Yearly Archives: 2010

Domesticating Florida Judgments in Georgia, Part I

By: Emily C. Williams, Esq.

Due to the transient nature of individuals in today’s society, attorneys are frequently being employed to collect judgments that were obtained elsewhere. This is especially true for multi-licensed attorneys who practice in a state in close proximity to the state line of another. For the purposes of this discussion, I will analyze the procedural steps necessary to enforce a Florida Judgment in Georgia, and explain the difference in enforcing a foreign judgment under the Uniform Enforcement of Foreign Judgments Law and through domestication.

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CATEGORY: Florida Business Litigation Blog Practice Areas:

The Life Cycle of Judgment Liens and How to Extend Them

By: Harry M. Wilson, IV, Esq. and James D. Stone, III

While obtaining a judgment against a debtor that owes you money is an important victory, it is often not the final battle one fights against the debtor. Just as there are time limitations on your ability to file an action against a debtor, there are also time limitations to enforce a money judgment in Florida. While the general rule is that the life of a money judgment is 20 years in the state of Florida it is important to know the procedures for using the full 20 years. Read Full Post

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Protection From False Claims Act In Construction

By Harry M. Wilson IV, Esq. and James D. Stone III

The False Claims Act (FCA) dates back to 1863 and was originally intended to fight fraud by defense contractors. The large majority of the cases filed over the past few years have involved medical and pharmaceutical claims. However, with the recent changes in the FCA lowering the standards needed to file suit and the increase in federally funded spending on construction projects there is a strong possibility of increased FCA claims in the construction industry by current and former disgruntled employees. With the increased possibility for these FCA claims the best way to protect your business is to first understand the basics of the FCA and then to establish a good compliance system. Read Full Post

CATEGORY: Florida Construction Industry Law Blog Practice Areas:

An Overview of Condominium Liens in Florida

By Harry M. Wilson, IV, Esq.

Condominium liens are strong tools granted by statute to condominium associations to ensure that unit owners timely pay their assessments for common expenses. The following is an overview of the basic premises of condo lien enforcement and defenses in Florida. Read Full Post

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Understanding the basics of equitable estoppel and using equitable estoppel principles to create insurance coverage in Florida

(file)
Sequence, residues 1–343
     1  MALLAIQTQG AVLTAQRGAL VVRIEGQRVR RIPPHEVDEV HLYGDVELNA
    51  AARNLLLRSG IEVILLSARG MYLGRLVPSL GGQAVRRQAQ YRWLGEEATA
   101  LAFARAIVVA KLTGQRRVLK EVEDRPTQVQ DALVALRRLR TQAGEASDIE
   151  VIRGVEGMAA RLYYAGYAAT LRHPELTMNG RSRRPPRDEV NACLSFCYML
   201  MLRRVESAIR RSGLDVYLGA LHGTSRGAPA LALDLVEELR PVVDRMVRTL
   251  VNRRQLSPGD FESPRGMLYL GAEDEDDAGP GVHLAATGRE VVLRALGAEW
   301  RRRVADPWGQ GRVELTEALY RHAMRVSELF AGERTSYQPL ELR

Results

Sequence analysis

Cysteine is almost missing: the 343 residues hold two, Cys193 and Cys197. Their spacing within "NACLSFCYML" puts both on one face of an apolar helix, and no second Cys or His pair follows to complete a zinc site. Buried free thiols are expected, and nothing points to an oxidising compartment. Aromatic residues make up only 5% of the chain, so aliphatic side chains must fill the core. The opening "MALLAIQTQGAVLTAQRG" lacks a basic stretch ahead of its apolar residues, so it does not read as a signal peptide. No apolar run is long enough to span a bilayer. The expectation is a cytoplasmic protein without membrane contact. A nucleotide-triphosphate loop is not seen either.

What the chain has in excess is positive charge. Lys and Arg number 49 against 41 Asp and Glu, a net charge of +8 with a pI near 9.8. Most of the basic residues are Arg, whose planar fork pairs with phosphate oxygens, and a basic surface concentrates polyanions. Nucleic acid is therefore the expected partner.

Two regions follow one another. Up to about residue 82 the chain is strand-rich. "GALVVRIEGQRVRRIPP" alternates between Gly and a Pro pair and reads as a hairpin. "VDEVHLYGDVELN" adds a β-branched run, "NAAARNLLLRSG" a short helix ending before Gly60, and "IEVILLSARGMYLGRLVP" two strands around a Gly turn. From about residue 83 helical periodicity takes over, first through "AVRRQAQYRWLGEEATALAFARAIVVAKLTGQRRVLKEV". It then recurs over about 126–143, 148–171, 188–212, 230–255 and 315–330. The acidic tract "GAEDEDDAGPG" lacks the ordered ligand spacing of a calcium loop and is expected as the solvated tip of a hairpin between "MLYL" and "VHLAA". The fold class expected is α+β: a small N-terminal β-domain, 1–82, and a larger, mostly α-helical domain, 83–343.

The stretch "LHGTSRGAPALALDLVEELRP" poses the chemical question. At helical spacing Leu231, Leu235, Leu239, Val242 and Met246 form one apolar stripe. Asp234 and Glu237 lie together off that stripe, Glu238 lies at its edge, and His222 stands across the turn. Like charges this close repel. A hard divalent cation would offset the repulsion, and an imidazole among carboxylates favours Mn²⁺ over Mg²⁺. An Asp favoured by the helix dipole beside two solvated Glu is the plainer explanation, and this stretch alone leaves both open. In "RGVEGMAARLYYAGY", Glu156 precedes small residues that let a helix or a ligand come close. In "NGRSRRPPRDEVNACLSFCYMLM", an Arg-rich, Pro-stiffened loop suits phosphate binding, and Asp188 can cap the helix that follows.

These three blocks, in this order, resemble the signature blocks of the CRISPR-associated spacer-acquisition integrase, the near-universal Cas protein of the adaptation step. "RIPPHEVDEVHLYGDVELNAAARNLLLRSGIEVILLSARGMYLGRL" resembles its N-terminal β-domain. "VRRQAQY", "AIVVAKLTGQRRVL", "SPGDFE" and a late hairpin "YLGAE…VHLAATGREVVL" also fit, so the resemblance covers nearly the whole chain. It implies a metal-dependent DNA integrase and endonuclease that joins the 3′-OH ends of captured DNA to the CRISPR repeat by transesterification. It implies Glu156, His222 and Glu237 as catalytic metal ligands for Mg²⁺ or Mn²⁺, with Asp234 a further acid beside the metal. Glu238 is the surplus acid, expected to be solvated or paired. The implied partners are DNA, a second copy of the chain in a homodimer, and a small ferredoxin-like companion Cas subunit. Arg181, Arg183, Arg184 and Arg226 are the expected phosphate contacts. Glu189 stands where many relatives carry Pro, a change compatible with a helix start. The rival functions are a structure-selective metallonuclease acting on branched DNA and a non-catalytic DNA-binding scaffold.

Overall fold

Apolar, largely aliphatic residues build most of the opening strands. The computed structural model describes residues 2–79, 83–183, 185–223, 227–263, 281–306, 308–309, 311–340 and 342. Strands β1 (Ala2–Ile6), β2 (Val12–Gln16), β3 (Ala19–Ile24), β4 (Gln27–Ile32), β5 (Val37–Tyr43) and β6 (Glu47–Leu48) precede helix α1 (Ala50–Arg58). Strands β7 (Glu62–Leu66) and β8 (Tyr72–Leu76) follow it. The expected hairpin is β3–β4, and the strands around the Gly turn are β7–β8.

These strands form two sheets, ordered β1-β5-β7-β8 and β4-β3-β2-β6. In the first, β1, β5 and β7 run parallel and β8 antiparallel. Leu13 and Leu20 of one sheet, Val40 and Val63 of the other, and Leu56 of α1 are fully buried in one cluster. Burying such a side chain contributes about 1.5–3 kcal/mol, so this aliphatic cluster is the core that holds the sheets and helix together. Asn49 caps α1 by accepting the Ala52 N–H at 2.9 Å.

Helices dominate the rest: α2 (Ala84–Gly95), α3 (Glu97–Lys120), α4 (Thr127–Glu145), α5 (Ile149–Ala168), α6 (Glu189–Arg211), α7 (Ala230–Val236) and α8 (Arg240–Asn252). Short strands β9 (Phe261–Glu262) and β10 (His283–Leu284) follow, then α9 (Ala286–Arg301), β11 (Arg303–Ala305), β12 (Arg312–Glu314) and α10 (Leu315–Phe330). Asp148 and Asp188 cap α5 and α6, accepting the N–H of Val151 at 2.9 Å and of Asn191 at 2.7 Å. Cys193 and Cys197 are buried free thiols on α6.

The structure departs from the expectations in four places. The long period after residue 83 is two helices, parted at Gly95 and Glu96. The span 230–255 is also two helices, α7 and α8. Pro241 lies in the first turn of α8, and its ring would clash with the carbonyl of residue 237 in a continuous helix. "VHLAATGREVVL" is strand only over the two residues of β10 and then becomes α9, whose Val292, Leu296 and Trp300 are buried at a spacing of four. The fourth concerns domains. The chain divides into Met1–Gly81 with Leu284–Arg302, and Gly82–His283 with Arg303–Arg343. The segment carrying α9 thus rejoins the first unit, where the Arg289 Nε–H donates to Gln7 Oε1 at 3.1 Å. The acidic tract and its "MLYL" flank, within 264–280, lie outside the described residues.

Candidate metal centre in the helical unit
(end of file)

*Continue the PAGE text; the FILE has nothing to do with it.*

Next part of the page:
Most courts nationwide continue to adhere to the majority position asserted by the court in Republic Ins. Co. v. Silverton Elevators, Inc., 493 S.W.2d 748 (Tex. 1973), that estoppel may not be employed to expand coverage not otherwise provided in an insurance contract. See, e.g., Laidlow Environmental Services, Inc. v. Aetna Casualty & Surety Co., 524 S.E.2d 847, 852 (S.C. Ct. App. 1999) (estoppel and waiver cannot create coverage that does not otherwise exist); Martin v. United States Fidelity and Guaranty Co., 996 S.W.2d 506, 511 (Mo. 1999) (estoppel cannot be used to create coverage); Shepard v. Keystone Insurance Co., 743 F. Supp. 429, 433 (D. Md. 1990) (under Maryland law, “waiver and estoppel cannot be used to create liability where none previously existed, or to extend coverage beyond what was originally intended”); Fli-Back Co., Inc. v. Philadelphia Manufacturers Mutual Insurance Co., 502 F.2d 214, 216 (4th Cir. 1974) (same under North Carolina law).

Florida has joined the minority position creating or allowing coverage for an insured based on estoppel. Crown Life Ins. Co. v. McBride, 517 So.2d 660 (Fla. 1987). Read Full Post

CATEGORY: Florida Business Litigation Blog Practice Areas:

Using Florida’s Agricultural Bond Laws As A Collection Tool

As our firm represents many materials suppliers and site work contractors/subcontractors, we are often presented with payment issues that require us to pursue unconventional avenues of recovery to obtain payment. One area in which we have had a good success is through making claims on Agricultural Bonds through the Florida Department of Agriculture. According to Florida law, any person who is engaged within the state in the business of buying, receiving, soliciting, handling, or negotiating agricultural products from or for Florida producers, or their agents, must be licensed and bonded. The Bureau of Agricultural Dealer’s Licenses is responsible for the licensing of dealers in agricultural products. Per the Department of Agriculture, “Florida License and Bond Law is intended to facilitate the marketing of Florida agricultural products by encouraging a better understanding between buyers and sellers and by providing a marketplace that is relatively free of unfair trading practices and defaults. The purpose of the law is to help assure that the producers of products covered by the law receive proper accounting and payment for their products.” If you do business with nurseries, landscaping companies, or virtually anyone who deals in green goods and you like to get paid the money you are rightfully owed, this post should be required reading. Read Full Post